“For the safety of our pilots:” AFRL hosts event aimed at fielding physiological sensors
DAYTON, Ohio – The inaugural Physiological Episodes Mitigation Technology Summit and Industry Day, hosted by the Air Force Research Laboratory’s 711th Human Performance Wing, was held Dec. 17-18 at the Wright Brothers Institute’s Small Business Hub downtown.
The event brought in over 150 participants from the Air Force, Navy and industry, all with the shared goal of discussing research and development of sensors that can gather physiological data from pilots before, during and after flight to help mitigate physiological episodes.
“Efforts surrounding this issue are really driven by the nature of the challenge,” said Brig. Gen. Gregor Leist, Air Force Physiological Episodes Action Team (PEAT) lead. “It’s a safety-critical issue, and we need to throw everything we can at this and find the root, if there is a root, for the safety of our pilots.”
The Navy began seeing an increase in physiological episodes, or PEs, starting in 2010, said Rear Adm. Fredrick “Lucky” Luchtman, Navy PEAT lead. “We started looking at the aircraft, how it was performing, how the subsystems were performing.”
Luchtman explained that the Navy spent a great deal of time instrumenting their aircraft to characterize the breathing systems and pressurization systems.
In the Air Force, there was a noted increase in the rate of physiological episodes of various types a few years later, and part of it was initially associated with the aging of the fleet, said Leist. “What really drove a lot of the Air Force activities for this was the T-6 trainer and the steep rise in air breathing-associated physiological episodes.”
By 2018, both Navy and Air Force had a Physiological Episodes Action Team, and leaders saw the opportunity to share research and data.
“We’ve been partnering continuously with the Navy, sharing data in both directions so we’re not duplicating efforts, and have the Defense Department’s best working this,” said Leist.
Using a variety of sensors to collect data from the aircraft, both Navy and Air Force teams put long hours into ensuring the aircraft systems were performing properly.
“That was the easy part,” Luchtman said. “The hard part, the whole team has discovered, is understanding how the human system is utilizing those outputs. For example, the aircraft’s oxygen system. We can tell you very accurately what that aircraft’s system is producing — the oxygen content levels, the pressures, the flows. But even when we can see that the system is performing appropriately — producing the right amount of high-quality air that’s better than even liquid oxygen — but we still get a reported physiologic episode from a pilot… We have to ask ‘What is going on?’”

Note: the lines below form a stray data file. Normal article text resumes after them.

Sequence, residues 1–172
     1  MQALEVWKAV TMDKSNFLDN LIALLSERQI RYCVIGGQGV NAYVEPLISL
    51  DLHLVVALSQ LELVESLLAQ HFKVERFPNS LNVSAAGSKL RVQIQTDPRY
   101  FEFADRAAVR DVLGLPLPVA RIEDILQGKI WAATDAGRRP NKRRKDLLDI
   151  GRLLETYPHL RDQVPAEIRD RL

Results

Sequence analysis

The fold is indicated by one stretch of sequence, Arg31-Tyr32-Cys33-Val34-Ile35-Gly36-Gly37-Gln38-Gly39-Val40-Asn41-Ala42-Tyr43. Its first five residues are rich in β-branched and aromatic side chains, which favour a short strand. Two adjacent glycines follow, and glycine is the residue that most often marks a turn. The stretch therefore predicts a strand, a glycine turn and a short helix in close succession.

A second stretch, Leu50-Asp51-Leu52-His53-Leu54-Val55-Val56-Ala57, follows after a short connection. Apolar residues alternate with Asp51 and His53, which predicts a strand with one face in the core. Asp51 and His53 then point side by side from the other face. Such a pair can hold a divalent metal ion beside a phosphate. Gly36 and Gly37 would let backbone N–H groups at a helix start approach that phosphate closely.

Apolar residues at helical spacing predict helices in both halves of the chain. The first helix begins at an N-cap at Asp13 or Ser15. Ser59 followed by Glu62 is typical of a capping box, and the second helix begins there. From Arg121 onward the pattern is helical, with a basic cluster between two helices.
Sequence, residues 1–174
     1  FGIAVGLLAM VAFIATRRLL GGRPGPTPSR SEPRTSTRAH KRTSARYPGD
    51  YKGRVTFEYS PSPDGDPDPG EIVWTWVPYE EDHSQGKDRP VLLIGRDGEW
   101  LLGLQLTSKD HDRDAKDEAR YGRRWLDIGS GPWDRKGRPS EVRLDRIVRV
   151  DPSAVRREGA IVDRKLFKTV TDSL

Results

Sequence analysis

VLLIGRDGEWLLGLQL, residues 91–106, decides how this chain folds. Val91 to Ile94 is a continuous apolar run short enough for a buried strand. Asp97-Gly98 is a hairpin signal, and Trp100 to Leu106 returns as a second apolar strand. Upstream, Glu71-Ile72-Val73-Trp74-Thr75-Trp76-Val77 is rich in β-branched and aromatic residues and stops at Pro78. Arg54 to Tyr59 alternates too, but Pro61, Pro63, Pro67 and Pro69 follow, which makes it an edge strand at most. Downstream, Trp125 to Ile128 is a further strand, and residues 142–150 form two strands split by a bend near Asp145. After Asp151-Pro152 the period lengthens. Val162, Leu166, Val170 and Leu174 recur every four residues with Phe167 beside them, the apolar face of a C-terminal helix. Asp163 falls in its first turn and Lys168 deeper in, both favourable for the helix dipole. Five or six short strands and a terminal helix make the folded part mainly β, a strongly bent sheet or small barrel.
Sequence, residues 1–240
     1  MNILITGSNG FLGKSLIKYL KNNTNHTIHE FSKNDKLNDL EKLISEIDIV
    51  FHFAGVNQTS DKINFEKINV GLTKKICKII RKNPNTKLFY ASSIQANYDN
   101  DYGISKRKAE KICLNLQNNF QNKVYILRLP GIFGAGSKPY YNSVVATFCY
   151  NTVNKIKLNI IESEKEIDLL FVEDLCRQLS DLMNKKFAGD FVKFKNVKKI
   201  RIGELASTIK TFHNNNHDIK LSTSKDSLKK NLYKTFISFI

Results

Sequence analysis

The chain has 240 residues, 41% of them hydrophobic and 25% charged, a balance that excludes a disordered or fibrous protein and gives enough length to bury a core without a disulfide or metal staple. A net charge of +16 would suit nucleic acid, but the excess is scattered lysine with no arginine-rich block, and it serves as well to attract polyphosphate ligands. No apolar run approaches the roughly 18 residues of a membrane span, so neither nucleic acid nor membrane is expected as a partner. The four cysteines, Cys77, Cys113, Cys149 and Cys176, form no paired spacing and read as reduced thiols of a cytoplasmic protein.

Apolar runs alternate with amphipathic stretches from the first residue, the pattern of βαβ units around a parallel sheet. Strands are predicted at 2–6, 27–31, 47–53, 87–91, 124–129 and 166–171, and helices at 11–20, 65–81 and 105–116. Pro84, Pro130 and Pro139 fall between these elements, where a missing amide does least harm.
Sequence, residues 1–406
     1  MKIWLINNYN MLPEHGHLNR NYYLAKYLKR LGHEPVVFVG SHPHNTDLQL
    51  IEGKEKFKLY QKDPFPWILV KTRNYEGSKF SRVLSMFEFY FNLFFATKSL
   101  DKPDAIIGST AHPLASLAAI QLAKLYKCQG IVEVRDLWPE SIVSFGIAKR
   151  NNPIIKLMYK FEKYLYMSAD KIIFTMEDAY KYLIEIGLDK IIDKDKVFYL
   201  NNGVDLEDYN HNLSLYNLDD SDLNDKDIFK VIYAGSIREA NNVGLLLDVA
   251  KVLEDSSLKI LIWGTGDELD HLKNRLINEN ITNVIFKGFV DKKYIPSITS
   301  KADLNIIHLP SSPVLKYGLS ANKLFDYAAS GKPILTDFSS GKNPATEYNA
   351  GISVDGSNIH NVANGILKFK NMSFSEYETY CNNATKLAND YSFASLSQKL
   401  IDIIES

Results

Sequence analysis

In short, he reiterated, “If the aircraft is giving the pilots what they need, then what is going on in the human? We just don’t have the sensors to accurately characterize what is going on there.”
The two-day summit allowed Department of Defense officials and industry partners to exchange ideas, ask the hard questions, network on common interests, and discuss what Navy and Air Force researchers envision as a new suite of sensors designed to collect physiological data from the human. This research all has to do with what’s being delivered to the aviator, and how it’s being used in the cockpit.
“The Integrated Cockpit Sensing program aims to identify best-of-breed sensors for near-term operational implementation while defining an architecture, which will allow the Air Force to continually add or upgrade the best sensing capability to prevent and/or mitigate the effects of physiological events,” said Dr. James Christensen, AFRL team lead developing this suite of sensors. “We are considering the needs of legacy platforms while also influencing early design of new aircraft to better accommodate sensing of the pilot’s physical state and ensure their ability to fly safely and accomplish the mission.”
This PEAT team continues to use sensors and data to rule out possible root causes, but cockpit sensing remains a key gap — a gap this strong partnership continues to try to uncover.
“You could say that there are two parallel efforts going on between the Navy and Air Force, but that wouldn’t really be accurate,” said Luchtman. “It’s really one integrated effort. We have two different names, and we’re two different services, but everything we do is lock-step together. You don’t often see this level of integration. I can’t say enough about this partnership, best illustrated here in Dayton.”
“There are no barriers, no fences between organizations, and we have a continuous flow of information,” said Leist. “I’m heartened by the effectiveness of this partnership between Air Force, Navy, our international partners, and with industry.”
Both leaders and their teams of researchers agree—these are complex problems that no one entity is going to be able to solve.